American Turf Register and Sporting Magazine - Volume 10 - 1839 - The Deerhound by By John Stuart Skinner
THE HIGHLAND DEER-HOUND.
The principal figure on the beautiful vignette upon our title-page, is a sketch from life of the celebrated Scotch deer-hound, Buskar. The following brief notice of the breed, is from Scrope's work upon Deer Stalking:—
" The finest, I believe, and apparently the purest specimens of the deer-hound now to be met with, are those in the possession of Captain M'Neill, the younger, of Colonsay, of which he has in particular two dogs, Buskar and Bran, and two bitches, Runa and Cavack.
" These dogs, though all more or less related to each other, vary somewhat in color, two being of a pale yellow, and two of a sandy Ted ; and vary also in the length and quality of the hair.
" There is one peculiarity common to all, viz.: that the tips of their ears, eyes, and muzzles, are black, and that in all other parts they are each of one uniform color, a never-failing accompaniment of purity of breed.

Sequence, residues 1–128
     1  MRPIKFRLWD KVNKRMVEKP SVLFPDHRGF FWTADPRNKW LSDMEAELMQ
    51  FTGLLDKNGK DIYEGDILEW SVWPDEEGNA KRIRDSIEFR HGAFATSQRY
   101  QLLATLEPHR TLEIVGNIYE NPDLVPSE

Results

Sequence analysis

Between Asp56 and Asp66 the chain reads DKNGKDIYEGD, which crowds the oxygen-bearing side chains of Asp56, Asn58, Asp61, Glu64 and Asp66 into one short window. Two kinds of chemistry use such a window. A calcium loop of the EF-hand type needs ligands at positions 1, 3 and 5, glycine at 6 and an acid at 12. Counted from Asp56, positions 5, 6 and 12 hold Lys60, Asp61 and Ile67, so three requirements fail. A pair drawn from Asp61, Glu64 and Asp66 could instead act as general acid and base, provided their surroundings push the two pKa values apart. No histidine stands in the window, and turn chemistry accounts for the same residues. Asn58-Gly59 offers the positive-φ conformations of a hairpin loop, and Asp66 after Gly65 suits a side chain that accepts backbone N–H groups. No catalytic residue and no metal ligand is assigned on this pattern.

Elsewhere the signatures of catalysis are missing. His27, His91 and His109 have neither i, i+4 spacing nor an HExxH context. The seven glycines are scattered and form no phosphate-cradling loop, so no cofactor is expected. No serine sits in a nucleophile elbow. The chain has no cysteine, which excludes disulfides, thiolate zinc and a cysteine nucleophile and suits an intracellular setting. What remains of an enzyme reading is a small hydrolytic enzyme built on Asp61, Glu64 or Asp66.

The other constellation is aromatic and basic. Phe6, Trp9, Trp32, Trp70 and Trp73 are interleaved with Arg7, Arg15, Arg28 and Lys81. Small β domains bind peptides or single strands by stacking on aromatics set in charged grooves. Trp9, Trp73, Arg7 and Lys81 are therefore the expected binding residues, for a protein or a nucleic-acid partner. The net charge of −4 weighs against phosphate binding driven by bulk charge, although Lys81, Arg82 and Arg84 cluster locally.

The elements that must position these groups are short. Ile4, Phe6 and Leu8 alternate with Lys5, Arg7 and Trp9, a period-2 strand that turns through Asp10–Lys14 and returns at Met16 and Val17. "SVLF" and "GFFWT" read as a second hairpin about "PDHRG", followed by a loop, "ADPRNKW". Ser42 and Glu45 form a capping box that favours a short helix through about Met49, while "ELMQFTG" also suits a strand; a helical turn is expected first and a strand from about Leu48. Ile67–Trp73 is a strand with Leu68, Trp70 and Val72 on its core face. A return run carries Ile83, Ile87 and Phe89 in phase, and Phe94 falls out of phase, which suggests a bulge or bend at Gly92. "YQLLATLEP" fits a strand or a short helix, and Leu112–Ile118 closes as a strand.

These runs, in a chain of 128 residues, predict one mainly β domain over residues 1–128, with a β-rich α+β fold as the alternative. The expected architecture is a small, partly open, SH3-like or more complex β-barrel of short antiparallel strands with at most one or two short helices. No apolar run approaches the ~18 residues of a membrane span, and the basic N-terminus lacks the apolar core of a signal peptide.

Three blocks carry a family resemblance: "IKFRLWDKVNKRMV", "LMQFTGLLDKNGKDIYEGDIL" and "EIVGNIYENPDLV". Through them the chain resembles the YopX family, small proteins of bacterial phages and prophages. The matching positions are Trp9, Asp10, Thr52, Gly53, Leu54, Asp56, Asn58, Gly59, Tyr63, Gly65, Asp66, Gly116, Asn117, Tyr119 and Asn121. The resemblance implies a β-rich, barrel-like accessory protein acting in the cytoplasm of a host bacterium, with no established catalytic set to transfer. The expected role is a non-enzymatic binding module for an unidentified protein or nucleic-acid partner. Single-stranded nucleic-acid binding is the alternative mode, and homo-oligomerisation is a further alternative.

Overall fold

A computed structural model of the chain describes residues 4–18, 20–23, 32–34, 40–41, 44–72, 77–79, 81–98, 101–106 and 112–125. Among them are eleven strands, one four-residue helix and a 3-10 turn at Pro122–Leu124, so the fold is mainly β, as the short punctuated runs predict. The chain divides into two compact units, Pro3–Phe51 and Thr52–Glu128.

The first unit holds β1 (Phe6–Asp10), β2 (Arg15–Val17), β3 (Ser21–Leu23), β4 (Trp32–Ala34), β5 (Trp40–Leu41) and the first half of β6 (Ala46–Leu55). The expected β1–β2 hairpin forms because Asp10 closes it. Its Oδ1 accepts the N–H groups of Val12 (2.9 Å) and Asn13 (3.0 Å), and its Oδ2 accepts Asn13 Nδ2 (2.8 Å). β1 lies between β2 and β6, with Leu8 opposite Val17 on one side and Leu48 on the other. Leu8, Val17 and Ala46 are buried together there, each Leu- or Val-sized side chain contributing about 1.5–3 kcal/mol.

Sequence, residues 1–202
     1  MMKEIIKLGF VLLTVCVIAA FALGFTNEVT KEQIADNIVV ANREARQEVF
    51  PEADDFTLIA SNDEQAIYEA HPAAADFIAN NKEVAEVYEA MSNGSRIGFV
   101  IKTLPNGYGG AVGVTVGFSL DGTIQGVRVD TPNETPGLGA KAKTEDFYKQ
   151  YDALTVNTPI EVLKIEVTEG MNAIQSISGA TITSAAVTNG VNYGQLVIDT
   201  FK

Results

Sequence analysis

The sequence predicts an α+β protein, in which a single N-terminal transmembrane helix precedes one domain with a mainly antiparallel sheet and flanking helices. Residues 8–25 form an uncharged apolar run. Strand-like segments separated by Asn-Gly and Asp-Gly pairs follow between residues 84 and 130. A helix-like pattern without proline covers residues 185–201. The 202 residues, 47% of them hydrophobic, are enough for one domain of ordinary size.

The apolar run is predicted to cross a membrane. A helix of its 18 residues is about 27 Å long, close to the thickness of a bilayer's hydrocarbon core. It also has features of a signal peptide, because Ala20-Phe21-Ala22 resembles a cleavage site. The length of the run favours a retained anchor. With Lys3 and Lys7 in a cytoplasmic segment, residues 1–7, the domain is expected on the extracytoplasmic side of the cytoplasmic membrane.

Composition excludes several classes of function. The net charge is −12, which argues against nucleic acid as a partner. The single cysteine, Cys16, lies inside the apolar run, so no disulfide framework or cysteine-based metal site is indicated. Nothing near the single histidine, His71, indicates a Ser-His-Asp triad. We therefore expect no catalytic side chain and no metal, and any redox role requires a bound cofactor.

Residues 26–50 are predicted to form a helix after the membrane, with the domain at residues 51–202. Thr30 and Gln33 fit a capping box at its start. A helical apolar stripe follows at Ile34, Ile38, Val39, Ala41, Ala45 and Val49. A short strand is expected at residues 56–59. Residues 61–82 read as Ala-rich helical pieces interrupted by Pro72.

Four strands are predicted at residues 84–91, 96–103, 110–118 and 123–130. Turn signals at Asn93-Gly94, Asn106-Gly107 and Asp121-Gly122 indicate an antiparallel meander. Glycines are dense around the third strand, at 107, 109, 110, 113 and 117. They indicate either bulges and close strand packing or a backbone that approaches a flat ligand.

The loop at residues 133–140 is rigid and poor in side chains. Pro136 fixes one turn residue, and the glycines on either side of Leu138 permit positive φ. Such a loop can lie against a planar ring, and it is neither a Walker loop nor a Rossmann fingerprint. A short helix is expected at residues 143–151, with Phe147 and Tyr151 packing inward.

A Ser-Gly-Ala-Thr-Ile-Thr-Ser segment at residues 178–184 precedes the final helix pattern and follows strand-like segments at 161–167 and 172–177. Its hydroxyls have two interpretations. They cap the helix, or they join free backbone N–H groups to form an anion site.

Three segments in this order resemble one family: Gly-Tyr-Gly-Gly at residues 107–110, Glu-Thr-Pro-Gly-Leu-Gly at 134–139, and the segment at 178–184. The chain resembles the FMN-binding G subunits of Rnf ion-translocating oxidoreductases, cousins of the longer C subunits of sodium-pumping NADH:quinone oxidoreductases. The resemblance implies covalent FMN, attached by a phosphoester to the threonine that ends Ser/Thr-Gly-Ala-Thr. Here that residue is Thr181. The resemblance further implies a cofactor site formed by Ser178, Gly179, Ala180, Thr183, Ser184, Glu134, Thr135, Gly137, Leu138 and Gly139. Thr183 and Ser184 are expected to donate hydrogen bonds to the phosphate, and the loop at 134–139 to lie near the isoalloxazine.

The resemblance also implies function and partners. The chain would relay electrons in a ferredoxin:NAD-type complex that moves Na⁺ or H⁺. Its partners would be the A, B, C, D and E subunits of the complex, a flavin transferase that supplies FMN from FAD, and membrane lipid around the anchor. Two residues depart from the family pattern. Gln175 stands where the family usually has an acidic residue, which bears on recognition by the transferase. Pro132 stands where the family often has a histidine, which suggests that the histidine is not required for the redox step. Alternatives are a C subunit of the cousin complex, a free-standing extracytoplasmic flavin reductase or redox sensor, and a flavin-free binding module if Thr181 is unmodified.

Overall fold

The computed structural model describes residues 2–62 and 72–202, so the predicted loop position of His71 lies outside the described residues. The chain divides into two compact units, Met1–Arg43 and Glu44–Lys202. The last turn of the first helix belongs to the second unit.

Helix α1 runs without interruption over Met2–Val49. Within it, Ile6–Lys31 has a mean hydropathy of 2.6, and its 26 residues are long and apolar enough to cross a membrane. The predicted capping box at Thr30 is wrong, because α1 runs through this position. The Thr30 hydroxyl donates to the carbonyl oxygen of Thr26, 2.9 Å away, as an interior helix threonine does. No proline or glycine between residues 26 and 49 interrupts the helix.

" In their running points they bear a great similarity to a well-bred greyhound; and, though somewhat coarser, are supposed (from the trials which have been made) to be quite as swift. Their principal difference in shape from the common greyhound consists in a greater height of shoulder, thickness of neck, size of head and muzzle, and coarseness of bone. They are much more sagacious than the common greyhound, and in disposition are more playful and attached, but much bolder and fiercer when roused.
" The following are the dimensions of Buskar, taken in August, 1836 :—
Height at shoulder 28 inches
Girth of chest 82
"Weight in running condition 85 Ibs.
" This dog is of a pale yellow, and appears to be remarkably pure in his breeding, not only from his shape and color, but from the strength and wiry elasticity of his hair, which by Highlanders is thought to be a criterion of breeding."